I feel like I watched something else as well, but I cannot, for the life of me, remember what. Ah well, must not have been that great, I guess.

          1. True enough. It's unfortunate that it'll get passed over during award season because it's mostly going to be labeled as horror. As far as I'm concerned, it should win best picture.

            (my point was more that the trailers preceding Get Out did not make me weep for humanity.)

  8. I watched season 4 of BoJack Horseman. Still the best thing on "TV." The episode "Stupid Piece of Sh*t" is probably the best on-screen representation I've seen of what it's like to live with depression. That was a hard episode to watch.

    I went to Logan Lucky last week. I liked it quite a bit, as expected from a Soderbergh flick. It definitely seems like a movie that would be fun to throw in and watch on a lazy day. I'm looking forward to rewatching it.

    Next up, I need to catch up on the other show about depression that I adore, You're the Worst. And I guess Better Things is back, an extremely pleasant surprise, so I'm excited to see that.

    1. I'm just three episodes through the current season of BoJack, as I planned to watch it about ten days ago and then forgot all about it until a couple of nights ago. I'll see the rest before long.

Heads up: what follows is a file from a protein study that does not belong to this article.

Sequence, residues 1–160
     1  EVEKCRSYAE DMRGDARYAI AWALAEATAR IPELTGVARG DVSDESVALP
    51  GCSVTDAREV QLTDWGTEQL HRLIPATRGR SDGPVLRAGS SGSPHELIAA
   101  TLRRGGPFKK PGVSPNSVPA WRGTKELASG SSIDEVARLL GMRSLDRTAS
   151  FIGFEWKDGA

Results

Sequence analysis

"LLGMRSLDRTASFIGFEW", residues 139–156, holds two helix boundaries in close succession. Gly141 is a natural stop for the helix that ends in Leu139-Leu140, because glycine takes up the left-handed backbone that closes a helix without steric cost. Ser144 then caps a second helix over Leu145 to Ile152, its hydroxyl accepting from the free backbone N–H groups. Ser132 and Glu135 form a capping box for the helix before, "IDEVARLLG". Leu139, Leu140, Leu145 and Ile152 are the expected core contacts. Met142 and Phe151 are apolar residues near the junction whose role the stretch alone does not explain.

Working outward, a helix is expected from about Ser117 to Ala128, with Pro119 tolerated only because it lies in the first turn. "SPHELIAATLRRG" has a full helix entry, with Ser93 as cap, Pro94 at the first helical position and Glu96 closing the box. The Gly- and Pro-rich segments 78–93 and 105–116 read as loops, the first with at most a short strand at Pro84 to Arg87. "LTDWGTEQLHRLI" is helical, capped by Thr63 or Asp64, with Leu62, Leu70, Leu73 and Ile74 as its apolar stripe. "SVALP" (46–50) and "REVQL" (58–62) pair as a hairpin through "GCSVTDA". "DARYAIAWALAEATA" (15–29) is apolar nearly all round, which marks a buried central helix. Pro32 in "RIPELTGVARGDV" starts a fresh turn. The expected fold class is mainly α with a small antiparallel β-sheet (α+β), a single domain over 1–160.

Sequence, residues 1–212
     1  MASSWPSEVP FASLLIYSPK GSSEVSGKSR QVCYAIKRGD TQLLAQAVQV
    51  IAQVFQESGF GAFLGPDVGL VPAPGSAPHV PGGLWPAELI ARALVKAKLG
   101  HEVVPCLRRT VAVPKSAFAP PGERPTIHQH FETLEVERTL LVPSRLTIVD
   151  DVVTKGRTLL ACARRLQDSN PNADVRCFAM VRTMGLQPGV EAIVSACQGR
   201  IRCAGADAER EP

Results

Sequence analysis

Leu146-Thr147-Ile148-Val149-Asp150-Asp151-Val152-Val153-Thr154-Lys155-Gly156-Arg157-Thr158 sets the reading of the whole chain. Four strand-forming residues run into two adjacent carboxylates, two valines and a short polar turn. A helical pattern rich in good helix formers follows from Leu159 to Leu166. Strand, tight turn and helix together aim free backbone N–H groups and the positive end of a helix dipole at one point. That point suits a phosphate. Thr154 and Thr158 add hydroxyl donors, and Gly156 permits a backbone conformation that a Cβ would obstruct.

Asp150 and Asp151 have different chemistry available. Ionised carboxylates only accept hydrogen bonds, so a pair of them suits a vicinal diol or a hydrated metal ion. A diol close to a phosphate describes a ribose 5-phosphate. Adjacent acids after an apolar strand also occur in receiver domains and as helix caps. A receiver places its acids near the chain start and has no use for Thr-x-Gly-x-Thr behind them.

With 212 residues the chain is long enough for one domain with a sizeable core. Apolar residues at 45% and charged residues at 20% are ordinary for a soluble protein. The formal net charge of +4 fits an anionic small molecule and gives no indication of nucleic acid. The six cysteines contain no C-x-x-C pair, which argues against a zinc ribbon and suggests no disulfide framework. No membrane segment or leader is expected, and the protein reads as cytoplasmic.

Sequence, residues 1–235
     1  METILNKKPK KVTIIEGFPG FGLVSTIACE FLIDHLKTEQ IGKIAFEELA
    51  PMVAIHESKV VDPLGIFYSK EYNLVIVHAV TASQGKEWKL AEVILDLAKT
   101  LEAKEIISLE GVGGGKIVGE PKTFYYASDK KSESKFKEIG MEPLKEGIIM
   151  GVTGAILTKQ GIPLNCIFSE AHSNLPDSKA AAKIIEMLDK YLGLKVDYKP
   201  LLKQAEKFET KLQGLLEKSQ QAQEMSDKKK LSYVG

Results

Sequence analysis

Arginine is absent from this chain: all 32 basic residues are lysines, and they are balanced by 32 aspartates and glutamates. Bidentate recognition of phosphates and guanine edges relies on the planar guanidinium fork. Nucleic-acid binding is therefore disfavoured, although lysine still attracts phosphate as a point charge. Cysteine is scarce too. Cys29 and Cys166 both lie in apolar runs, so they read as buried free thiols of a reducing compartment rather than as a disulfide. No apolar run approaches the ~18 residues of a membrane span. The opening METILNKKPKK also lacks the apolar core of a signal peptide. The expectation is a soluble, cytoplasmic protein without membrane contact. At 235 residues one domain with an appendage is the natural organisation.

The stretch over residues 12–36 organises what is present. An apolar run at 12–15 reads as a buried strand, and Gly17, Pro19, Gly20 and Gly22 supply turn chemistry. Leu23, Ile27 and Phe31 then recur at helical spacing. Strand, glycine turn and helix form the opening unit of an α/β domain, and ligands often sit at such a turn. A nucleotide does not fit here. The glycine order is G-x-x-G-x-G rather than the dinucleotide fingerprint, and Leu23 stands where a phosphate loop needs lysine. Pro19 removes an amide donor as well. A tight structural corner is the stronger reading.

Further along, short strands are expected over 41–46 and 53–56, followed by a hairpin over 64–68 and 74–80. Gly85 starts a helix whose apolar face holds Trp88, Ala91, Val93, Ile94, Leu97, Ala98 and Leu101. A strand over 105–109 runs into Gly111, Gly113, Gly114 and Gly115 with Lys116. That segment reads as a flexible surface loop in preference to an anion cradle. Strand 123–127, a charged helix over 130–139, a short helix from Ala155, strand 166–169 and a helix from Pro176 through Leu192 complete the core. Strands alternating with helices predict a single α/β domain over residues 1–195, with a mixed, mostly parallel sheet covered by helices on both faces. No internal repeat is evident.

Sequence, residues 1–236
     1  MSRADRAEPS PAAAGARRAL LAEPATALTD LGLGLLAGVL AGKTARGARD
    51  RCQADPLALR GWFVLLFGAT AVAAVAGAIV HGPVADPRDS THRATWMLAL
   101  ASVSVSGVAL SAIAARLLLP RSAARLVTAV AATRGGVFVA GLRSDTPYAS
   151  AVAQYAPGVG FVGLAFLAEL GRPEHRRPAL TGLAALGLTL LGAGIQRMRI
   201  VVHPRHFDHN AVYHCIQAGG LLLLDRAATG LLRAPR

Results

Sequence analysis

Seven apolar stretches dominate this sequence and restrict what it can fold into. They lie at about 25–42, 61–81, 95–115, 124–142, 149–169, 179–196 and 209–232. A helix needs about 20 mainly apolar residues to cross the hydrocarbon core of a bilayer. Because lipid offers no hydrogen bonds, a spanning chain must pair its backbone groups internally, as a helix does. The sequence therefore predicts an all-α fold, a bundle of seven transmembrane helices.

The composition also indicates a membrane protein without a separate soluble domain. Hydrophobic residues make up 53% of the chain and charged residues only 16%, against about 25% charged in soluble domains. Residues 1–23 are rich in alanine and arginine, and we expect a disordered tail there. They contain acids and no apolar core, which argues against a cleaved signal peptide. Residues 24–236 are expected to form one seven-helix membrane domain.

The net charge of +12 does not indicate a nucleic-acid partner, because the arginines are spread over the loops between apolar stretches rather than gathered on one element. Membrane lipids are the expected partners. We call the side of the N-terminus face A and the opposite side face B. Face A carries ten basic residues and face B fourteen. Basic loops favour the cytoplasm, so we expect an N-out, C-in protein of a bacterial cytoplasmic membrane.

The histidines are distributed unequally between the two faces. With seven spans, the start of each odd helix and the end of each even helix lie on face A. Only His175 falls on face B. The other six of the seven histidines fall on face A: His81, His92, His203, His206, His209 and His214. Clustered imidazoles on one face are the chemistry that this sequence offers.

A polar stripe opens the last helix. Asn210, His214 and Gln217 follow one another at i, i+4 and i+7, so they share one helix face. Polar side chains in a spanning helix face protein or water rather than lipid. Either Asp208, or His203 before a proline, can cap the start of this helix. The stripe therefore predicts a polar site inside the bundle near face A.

9. Finally saw Guardians Of The Galaxy 2. It was good, but not nearly as good as the first. The strength of Guardians is in ensemble, but since the plot revolved almost exclusively around the problems of 1 character the ensemble didn't feature as prominently as it did the first time around. Still, it was hugely enjoyable, and definitely in the top half of the Marvel movies.

    1. I rank them the other way around and put 2 at the top of all the marvel movies (with the first one following close behind). Although I will admit that the more intimate time spent with each character works because of the work put in on the ensemble in the first one. I loved it even more on the second viewing, too.